Things to consider before buying in France

Things to consider before buying in France

Here are some things to consider before you purchase a property, from Bryony Anning…

How should we own our French property?

There are several ways in which you can hold a property in France, including:

  • ‘En indivision’: Most properties in France are owned en indivision, which is similar to owning a property as tenants is common in the UK. If your French property is owned en indivision, each party owns a distinct share of the property. Married couples usually own their property 50/50 but the shares can reflect each co- owner’s financial contribution.
  • ‘Tontine’: Another way to own your French property is en tontine, which is similar in effect to owning a property as joint tenants in the UK. If your French property is owned en tontine, the first owner to die is considered to have never owned the property and the surviving owner is considered to have owned the whole property from the outset of the transaction.
    Owning your property en tontine can be advantageous from an estate planning perspective. However, it is not possible to take out a mortgage on a property which is purchased en tontine – this option is only really available to cash buyers.
  • SCI: You may wish to own your French property via a Société Civile Immobilière (SCI), which is a French property management company. The property is owned by the company shareholders and the owners become, in effect, non- paying tenants.

This this can be an effective way of managing property if there are multiple owners and may provide tax advantages. However, it can be expensive to set up an SCI and there are ongoing reporting and accounting obligations.

Your cross-border solicitor will be able to advise on which ownership structure works the best for you and your family.

What are the additional costs when buying (and selling) a house in France?

Besides the purchase price, it is important to budget for the following additional costs:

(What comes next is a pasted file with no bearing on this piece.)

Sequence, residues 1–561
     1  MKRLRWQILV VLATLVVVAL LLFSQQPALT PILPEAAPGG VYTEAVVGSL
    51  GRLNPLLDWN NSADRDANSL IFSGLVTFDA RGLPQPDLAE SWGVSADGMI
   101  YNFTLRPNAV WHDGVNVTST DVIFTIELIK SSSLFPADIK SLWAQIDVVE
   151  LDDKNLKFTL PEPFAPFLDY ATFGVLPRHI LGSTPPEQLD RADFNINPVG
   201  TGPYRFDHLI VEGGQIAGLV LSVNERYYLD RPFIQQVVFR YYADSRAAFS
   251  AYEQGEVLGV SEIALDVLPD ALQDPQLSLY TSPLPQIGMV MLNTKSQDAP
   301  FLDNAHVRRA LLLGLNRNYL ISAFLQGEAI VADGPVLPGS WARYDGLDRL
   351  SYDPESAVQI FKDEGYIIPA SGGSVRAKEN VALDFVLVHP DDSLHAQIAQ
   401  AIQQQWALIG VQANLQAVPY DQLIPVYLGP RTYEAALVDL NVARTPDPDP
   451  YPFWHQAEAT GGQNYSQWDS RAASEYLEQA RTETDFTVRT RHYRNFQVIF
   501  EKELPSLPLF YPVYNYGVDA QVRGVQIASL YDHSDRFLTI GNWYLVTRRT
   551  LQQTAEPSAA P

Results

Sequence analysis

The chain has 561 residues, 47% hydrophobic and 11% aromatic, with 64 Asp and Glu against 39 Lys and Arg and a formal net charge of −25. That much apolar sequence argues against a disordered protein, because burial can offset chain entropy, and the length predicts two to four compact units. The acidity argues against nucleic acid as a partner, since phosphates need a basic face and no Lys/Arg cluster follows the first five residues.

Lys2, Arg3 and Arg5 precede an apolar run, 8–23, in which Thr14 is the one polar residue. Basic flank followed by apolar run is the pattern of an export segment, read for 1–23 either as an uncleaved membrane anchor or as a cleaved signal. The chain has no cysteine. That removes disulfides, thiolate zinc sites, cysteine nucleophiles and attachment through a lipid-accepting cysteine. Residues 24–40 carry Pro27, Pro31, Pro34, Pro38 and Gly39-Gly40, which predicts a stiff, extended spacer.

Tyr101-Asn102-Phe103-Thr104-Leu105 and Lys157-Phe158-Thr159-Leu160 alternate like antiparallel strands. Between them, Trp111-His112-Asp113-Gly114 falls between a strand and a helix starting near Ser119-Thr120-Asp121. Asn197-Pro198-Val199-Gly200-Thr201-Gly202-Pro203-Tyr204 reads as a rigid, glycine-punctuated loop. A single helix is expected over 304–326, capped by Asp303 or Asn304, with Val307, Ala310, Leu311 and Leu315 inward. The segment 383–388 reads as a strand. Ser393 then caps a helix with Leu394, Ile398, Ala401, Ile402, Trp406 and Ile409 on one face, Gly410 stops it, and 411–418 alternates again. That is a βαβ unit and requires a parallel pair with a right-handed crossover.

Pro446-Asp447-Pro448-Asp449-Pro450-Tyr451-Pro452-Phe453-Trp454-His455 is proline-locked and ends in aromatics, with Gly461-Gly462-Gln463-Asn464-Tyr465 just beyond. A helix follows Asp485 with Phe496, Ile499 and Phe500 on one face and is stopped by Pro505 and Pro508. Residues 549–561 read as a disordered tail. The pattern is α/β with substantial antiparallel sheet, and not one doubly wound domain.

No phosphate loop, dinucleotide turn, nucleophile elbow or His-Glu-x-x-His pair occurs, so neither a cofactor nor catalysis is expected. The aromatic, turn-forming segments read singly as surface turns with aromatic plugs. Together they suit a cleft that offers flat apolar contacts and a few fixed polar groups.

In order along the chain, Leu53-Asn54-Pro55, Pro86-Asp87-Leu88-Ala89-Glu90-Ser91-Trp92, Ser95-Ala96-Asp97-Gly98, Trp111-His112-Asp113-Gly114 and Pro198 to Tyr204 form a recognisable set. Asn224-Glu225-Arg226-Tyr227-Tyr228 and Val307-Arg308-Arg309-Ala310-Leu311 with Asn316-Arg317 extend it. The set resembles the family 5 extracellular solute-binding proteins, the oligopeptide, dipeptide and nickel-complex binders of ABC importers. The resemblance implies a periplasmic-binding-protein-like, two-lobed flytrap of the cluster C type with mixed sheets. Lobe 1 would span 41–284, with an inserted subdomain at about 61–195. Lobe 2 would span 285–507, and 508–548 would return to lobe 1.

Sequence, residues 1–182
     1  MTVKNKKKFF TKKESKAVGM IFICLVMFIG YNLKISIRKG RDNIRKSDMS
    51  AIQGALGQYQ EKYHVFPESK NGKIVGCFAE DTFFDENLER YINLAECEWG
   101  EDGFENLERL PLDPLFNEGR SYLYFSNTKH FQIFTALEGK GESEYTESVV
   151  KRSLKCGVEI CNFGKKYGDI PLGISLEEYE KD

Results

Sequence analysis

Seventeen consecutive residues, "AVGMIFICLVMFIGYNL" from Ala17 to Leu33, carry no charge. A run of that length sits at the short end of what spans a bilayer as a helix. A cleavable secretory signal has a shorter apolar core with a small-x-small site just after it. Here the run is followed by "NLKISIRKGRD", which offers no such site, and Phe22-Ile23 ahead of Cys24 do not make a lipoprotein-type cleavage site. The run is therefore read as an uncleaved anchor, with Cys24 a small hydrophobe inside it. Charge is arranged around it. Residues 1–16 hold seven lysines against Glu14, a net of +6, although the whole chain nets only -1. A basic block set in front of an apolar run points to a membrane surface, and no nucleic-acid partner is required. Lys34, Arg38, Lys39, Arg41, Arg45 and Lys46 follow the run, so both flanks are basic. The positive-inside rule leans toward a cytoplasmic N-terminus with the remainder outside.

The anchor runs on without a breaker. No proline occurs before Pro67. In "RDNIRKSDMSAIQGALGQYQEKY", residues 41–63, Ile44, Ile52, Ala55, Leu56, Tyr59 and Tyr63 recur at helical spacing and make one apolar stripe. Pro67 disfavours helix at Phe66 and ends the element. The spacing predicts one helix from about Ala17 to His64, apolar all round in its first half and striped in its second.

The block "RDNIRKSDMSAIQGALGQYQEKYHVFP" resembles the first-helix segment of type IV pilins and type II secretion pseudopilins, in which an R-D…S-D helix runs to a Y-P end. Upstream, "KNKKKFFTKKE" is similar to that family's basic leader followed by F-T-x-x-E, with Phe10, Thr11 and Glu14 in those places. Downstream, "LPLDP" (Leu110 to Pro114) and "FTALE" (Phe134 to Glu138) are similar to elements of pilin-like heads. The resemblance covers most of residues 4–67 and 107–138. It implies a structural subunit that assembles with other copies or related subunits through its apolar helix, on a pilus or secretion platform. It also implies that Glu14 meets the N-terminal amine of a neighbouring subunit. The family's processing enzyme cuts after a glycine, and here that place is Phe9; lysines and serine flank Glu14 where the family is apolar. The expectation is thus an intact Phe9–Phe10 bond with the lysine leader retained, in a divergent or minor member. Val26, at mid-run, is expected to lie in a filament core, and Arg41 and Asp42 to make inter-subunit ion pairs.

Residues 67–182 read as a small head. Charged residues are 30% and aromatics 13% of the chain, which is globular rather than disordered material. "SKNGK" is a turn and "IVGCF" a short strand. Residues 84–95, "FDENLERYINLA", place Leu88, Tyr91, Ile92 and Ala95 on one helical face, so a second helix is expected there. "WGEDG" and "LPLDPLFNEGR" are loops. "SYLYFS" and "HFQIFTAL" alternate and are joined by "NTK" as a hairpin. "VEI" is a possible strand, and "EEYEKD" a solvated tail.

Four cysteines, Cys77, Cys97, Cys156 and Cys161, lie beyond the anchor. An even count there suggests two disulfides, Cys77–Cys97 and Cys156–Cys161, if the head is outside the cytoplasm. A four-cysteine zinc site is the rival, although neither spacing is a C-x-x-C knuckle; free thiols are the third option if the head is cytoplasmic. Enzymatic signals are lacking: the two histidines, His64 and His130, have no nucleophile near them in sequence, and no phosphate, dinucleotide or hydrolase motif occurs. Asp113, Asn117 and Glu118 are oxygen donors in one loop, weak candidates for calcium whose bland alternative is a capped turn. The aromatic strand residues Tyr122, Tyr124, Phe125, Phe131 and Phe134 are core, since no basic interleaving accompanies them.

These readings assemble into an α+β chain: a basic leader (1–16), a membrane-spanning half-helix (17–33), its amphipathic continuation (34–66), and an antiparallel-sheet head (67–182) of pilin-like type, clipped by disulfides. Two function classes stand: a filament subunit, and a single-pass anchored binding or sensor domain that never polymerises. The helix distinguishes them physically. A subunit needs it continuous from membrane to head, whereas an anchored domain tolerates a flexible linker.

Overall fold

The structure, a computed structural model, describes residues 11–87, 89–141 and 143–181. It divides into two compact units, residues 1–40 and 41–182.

• Notaire’s fees: These are generally paid by the buyer and are actually a combination of taxes, expenses and the notaire’s fee. The amount due will depend on the value, location and type of the particular property.
  • Estate agent fees: These can be paid by the seller, the buyer or split between both parties. Unlike the notaire’s fees, estate agents‘ fees are not regulated in France so it is often possible to negotiate the rate.
  • Searches: These are generally paid by the seller. The Dossier de Diagnostic Technique (DDT) searches include asbestos, lead in the paintwork, termites, gas, electricity, energy performance, dry rot (in some areas of France) and natural risks.
  • Surveyor’s fees: The buyer may decide to instruct a surveyor to provide report on the condition of the property.
  • Translations: If both the buyer and seller are not fluent French speakers, it may be a good idea to split this cost.
  • Currency exchange: It is important to consider the costs of currency exchange and bank transfer fees. If you are considering taking out a long- term mortgage, it may be worth instructing a currency broker.
  • Tax: Taxe foncière (ownership tax) is paid by the owner of the property and is usually split pro-rata between the buyer and the seller. Taxe d’habitation (residence tax) is paid by the occupant of the property on 1 January each year – the seller benefits from a December completion, whereas the buyer favours January. (Note that taxe d’habitation is currently being phased out on French main homes.)

If the property being sold is your second home, capital gains tax may be payable. Your cross-border solicitor will be able to advise on the Anglo/French double taxation convention, which if applied correctly helps to prevent or mitigate double taxation by allowing for some or all the tax paid in France to be offset against tax paid in the UK.

Will I need to travel to France to sign the property contracts?

If you can’t travel to France to sign the acte de vente (final property contract), you may be able to sign it via a procuration (power of attorney). This is a document prepared by the notaire which authorises another person to sign legal documents on your behalf.

You will need to sign the procuration in the presence of a witness. Your notaire may offer to witness your signature remotely via video. Alternatively, they may direct that you sign the procuration in the presence of a UK solicitor or notary public. A wet signature is normally required.

We would still strongly recommend that you visit the property before signing the acte de vente.

Bryony Anning is a solicitor on the International & Cross- Border Team at Stone King LLP, Tel: 01225 337599 [email protected].

Looking for more like this?

French Property News is the go-to title for anyone considering a French property purchase, either now or in the future. Packed full of expert advice from property professionals including estate agents, lawyers and tax advisors, it is the ultimate househunter’s guide to the French property market.

French Property News Issue 381 (May/June 2023)

Lead photo credit : © Arthur Weidmann - Wikimedia Commons

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